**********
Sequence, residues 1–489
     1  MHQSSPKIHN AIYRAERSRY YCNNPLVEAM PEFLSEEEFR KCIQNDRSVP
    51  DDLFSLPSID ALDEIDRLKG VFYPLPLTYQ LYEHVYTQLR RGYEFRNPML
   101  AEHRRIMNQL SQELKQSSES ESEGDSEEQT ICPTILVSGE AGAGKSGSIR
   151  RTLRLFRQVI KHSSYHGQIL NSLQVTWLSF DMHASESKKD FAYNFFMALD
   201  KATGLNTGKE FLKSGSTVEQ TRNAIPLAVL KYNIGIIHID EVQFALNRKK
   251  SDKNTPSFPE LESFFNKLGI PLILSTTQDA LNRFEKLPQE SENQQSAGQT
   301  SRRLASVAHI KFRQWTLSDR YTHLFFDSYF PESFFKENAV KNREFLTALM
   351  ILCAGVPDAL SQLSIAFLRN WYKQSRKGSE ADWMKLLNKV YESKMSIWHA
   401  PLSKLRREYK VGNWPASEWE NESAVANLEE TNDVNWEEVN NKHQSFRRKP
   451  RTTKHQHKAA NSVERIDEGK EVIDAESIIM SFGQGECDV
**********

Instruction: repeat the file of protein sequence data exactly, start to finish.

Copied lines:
Sequence, residues 1–489
     1  MHQSSPKIHN AIYRAERSRY YCNNPLVEAM PEFLSEEEFR KCIQNDRSVP
    51  DDLFSLPSID ALDEIDRLKG VFYPLPLTYQ LYEHVYTQLR RGYEFRNPML
   101  AEHRRIMNQL SQELKQSSES ESEGDSEEQT ICPTILVSGE AGAGKSGSIR
   151  RTLRLFRQVI KHSSYHGQIL NSLQVTWLSF DMHASESKKD FAYNFFMALD
   201  KATGLNTGKE FLKSGSTVEQ TRNAIPLAVL KYNIGIIHID EVQFALNRKK
   251  SDKNTPSFPE LESFFNKLGI PLILSTTQDA LNRFEKLPQE SENQQSAGQT
   301  SRRLASVAHI KFRQWTLSDR YTHLFFDSYF PESFFKENAV KNREFLTALM
   351  ILCAGVPDAL SQLSIAFLRN WYKQSRKGSE ADWMKLLNKV YESKMSIWHA
   401  PLSKLRREYK VGNWPASEWE NESAVANLEE TNDVNWEEVN NKHQSFRRKP
   451  RTTKHQHKAA NSVERIDEGK EVIDAESIIM SFGQGECDV